NJ is 1st state to fund stem-cell research

Dec 18, 2005

New Jersey has become the first state to use public money to fund human stem cell research. The state announced $5 million in grants Friday to be split among 17 projects, the New York Times reported. Only three involve human embryonic stem cells, with others studying animals or using adult stem cells.

"The grants we have awarded today are based on science, not politics, and have been conceived by some of the brightest minds and best institutions in our state," acting Gov. Richard J. Codey said in a statement. "This funding will hopefully set the stage for a new era in medical treatments that will ease the suffering of millions and ultimately save lives."

The research that won funding was approved by a committee from the New Jersey Institute of Technology.

The Senate approved a $350 million bond referendum to fund stem cell research. The measure must also pass the Assembly before it goes to the voters, and passage in the lower house is not assured.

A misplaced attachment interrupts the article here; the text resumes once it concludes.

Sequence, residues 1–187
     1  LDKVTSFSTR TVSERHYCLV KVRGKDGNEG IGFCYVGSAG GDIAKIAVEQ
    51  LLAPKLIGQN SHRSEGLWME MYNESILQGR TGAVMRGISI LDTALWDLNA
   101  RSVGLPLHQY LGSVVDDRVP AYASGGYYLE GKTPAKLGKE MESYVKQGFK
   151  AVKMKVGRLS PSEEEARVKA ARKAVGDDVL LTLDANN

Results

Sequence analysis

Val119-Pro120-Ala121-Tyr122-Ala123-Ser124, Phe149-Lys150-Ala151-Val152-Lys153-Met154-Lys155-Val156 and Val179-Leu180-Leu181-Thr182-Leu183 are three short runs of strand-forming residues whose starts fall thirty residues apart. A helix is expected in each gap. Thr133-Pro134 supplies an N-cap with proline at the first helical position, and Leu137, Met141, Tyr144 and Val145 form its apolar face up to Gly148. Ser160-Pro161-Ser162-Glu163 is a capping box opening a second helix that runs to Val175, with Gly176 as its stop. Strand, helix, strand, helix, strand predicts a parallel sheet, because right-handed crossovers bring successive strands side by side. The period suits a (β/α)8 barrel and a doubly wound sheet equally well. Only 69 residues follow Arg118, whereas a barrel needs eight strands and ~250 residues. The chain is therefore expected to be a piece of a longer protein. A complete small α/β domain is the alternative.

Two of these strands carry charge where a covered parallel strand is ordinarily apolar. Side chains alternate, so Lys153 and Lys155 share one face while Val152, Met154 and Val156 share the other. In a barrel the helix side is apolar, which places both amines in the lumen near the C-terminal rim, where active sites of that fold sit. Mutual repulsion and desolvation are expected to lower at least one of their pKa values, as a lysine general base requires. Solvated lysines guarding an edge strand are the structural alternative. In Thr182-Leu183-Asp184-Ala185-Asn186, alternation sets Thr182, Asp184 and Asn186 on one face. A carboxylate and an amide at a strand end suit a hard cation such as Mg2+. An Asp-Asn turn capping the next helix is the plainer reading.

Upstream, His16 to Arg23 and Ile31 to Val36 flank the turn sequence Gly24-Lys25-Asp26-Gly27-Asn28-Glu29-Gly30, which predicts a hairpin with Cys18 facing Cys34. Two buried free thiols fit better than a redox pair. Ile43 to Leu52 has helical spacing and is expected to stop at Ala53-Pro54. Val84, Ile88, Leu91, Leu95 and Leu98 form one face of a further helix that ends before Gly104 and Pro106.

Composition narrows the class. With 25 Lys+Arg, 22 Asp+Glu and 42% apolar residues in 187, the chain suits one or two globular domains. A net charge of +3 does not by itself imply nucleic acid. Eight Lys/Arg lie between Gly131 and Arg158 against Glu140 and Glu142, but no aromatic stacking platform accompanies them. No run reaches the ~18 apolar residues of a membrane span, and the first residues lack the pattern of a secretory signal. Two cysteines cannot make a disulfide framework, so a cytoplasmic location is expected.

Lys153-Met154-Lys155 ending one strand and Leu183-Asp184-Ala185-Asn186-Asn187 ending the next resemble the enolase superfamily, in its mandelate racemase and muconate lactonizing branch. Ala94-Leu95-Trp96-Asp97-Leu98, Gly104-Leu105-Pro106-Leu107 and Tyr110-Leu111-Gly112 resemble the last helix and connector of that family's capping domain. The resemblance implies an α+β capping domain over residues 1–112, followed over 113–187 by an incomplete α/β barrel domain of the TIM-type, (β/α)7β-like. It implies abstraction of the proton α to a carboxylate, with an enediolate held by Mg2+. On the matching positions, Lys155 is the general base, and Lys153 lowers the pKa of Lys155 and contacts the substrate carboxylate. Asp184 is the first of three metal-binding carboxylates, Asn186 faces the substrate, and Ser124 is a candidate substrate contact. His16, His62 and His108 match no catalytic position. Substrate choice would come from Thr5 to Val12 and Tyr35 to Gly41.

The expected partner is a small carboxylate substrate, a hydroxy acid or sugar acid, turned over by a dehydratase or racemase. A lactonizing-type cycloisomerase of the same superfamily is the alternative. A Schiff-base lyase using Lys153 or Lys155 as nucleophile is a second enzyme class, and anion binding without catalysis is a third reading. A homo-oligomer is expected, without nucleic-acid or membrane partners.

Copyright 2005 by United Press International

Explore further: Egypt unearths 3000-year-old tomb in southern city

add to favorites email to friend print save as pdf

Related Stories

First contracting human muscle grown in laboratory

Jan 13, 2015

In a laboratory first, Duke researchers have grown human skeletal muscle that contracts and responds just like native tissue to external stimuli such as electrical pulses, biochemical signals and pharmaceuticals.

Young scientists must be seen and heard

Dec 09, 2014

Postdoctoral scientists – postdocs – are the engines of biomedical research. As early career researchers, they conduct the most experiments and are responsible for sculpting how we treat disease in decades ...

Shape of things to come in platelet mimicry

Nov 05, 2014

Artificial platelet mimics developed by a research team from Case Western Reserve University and University of California, Santa Barbara, are able to halt bleeding in mouse models 65 percent faster than nature ...

Recommended for you

Egypt unearths 3000-year-old tomb in southern city

4 hours ago

Egypt's Ministry of Antiquities says American archeologists have discovered a 3000-year-old tomb with beautifully painted walls belonging to a nobleman who guarded the temple of the ancient deity Amun.

User comments : 0

Please sign in to add a comment. Registration is free, and takes less than a minute. Read more

Click here to reset your password.
Sign in to get notified via email when new comments are made.